(a) Issue and distribute a notice to all bargaining unit employees advising them that, pursuant to a decision and order of the Federal Labor Relations Authority, the local supplemental agreement issued to employees in August 1996, containing the version of the agreement effective on July 28, 1995, as amended by the parties' agreement of October 1995 concerning six renegotiated provisions, is the effective version of the local supplemental agreement and binding on the Penitentiary and the Union, subject to the provisions of applicable law, rule, or regulation, and all other versions in their possession should be disregarded or destroyed.

(b) Post at its facilities copies of the attached Notice on forms to be furnished by the Federal Labor Relations Authority. Upon receipt of such forms, they shall be signed by the Warden and shall be posted and maintained for 60 consecutive days thereafter, in conspicuous places, including all bulletin boards and other places where notices to employees are customarily posted. Reasonable steps shall be taken to insure that such Notices are not altered, defaced, or covered by any other material.

(c) Pursuant to section 2423.30 of the Authority's Rules and Regulations, notify the Regional Director of the Denver Region, Federal Labor Relations Authority, 1244 Speer Boulevard, Suite 100, Denver, CO 80204-3581, in writing, within 30 days from the date of this Order, as to what steps have been taken to comply herewith.

3. The complaints in Cases No. DE-CA-60283, DE-CA-60287, DE-CA-60291, and DE-CA-60383 are dismissed.

Issued, Washington, DC, January 21, 1997

________________________________

GARVIN LEE OLIVER

Administrative Law Judge

NOTICE TO ALL EMPLOYEES

POSTED BY ORDER OF THE

FEDERAL LABOR RELATIONS AUTHORITY

The Federal Labor Relations Authority has found that the U.S. Penitentiary, Florence, Colorado violated the Federal Service Labor-Management Relations Statute and has ordered us to post and abide by this notice.

We hereby notify our employees that:

WE WILL NOT print and distribute to bargaining unit employees any version of the local supplemental agreement between U.S. Penitentiary, Florence, Colorado (Penitentiary) and American Federation of Government Employees, Council of Prison Locals, C-33, Local 1301 (Union) except that which became effective on July 28, 1995 as amended by the parties' agreement of October 1995 concerning six renegotiated provisions.

WE WILL NOT in any like or related manner interfere with, restrain or coerce our employees in the exercise of their rights assured by the Federal Service Labor-Management Relations Statute.

WE WILL issue and distribute a notice to all bargaining unit employees advising them that, pursuant to a decision and order of the Federal Labor Relations Authority, the local supplemental agreement issued to employees in August 1996, containing the version of the agreement effective on July 28, 1995, as amended by the parties' agreement of October 1995 concerning six renegotiated provisions, is the effective version of the local supplemental agreement and binding on the Agency and the Union, subject to the provisions of applicable law, rule, or regulation, and all other versions should be disregarded or destroyed.

___________________________________

(Activity)

Date:__________ By:_______________________

(Signature) (Title)

This Notice must remain posted for 60 consecutive days from the date of posting and must not be altered, defaced or covered by any other material.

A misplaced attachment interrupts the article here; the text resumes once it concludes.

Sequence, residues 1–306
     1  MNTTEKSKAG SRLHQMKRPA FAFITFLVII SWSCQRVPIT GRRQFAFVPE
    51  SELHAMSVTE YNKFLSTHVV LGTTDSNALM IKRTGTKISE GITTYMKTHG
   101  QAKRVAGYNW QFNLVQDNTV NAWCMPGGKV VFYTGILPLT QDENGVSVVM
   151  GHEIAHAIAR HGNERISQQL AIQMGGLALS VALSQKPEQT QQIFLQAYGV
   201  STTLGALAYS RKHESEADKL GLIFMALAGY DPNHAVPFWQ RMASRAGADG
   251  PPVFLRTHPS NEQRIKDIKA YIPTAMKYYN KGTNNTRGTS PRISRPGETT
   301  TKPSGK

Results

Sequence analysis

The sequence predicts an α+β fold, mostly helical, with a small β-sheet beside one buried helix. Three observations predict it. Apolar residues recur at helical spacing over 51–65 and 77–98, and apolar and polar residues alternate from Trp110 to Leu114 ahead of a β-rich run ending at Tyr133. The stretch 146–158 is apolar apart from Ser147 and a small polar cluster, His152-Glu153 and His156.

If employees have any questions concerning this Notice or compliance with any of its provisions, they may communicate directly with the Regional Director of the Federal Labor Relations Authority, Denver Region, Federal Labor Relations Authority, 1244 Speer Boulevard, Suite 100, Denver, CO 80204-3581, and whose telephone number is: (303) 844-5224.




FOOTNOTES:
(If blank, the decision does not have footnotes.)


Authority's Footnote Follows: 

*. The Judge also concluded that the Respondent violated section 7116(a)(1) and (5) by refusing to implement the parties' supplemental agreement and by unilaterally printing and distributing a document that purported to be the supplemental agreement. The Judge further concluded that the Respondent did not violate the Statute by refusing to supply the Union with surplus office equipment. Neither party excepted to these conclusions and we adopt them without precedential significance pursuant to section 2423.41 of the Authority's regulations. See U.S. Department of Veterans Affairs, Washington, D.C., 48 FLRA 991 (1993). This regulatory provision, which concerns the Authority's action on judges' decisions, was amended in 1997, and was previously contained in 5 C.F.R. § 2423.29. As the amended regulation applies to all ULP complaints pending after October 1, 1997, the amended regulation is applicable. See 62 Fed. Reg. 40922, 46175 (1997).


ALJ's Footnotes Follow:

1. Where the findings relate to more than one of these consolidated cases (e.g., concerning the bargaining relationship), they have been considered, but generally not repeated.

2. The supplemental agreement provided that review would be in accordance with the master agreement. Article 9, Section d of the master agreement provided that "matters rejected solely as violating the Master Agreement shall be resolved through arbitration" and "matters rejected solely as violating law or government-wide regulations shall be submitted to the Federal Labor Relations Authority for resolution as a negotiability dispute[.]"

3. Mr. Sullivan, Counsel for the General Counsel, is commended for his professionalism in directing my attention to this recent case which did not support his position, but which discussed the doctrine of mutual mistake in a similar situation with conclusions which I find impelling.

4. Davis admits instructing Kester to submit a request for the equipment but denied telling Kester to give the request to any particular individual. Davis claimed that to his knowledge the Local never submitted any requests for surplus equipment. However, Davis admitted that he might not be aware of all requests for surplus equipment submitted at the institution and that John Sudo was the property officer responsible for generating a list of surplus property. Davis denied instructing Sudo to deny Union requests for surplus equipment or telling Kester that management was not bound by the supplemental agreement provision relating to Union requests for surplus equipment. I have credited Kester's version. The statements and positions of the parties which Kes